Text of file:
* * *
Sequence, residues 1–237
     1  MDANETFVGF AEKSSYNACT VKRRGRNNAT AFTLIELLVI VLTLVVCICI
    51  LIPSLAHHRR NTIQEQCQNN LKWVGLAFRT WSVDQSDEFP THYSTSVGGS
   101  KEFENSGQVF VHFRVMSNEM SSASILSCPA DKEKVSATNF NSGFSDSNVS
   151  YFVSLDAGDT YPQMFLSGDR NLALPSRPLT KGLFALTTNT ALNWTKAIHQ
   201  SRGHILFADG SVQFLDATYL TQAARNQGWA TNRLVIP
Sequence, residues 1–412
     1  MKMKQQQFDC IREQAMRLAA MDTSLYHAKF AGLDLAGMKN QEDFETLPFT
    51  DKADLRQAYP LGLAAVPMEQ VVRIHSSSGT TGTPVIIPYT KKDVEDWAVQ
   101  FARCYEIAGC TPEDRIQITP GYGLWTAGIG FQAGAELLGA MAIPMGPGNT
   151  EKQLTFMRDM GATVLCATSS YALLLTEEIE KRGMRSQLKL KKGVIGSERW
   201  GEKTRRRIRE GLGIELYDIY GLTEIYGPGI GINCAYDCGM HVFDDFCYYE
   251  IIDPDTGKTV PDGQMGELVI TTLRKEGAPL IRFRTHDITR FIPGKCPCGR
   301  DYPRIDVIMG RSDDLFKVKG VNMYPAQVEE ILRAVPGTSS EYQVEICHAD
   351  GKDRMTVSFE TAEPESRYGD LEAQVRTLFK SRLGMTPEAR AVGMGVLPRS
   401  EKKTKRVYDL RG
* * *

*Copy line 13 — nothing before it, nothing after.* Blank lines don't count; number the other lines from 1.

   251  IIDPDTGKTV PDGQMGELVI TTLRKEGAPL IRFRTHDITR FIPGKCPCGR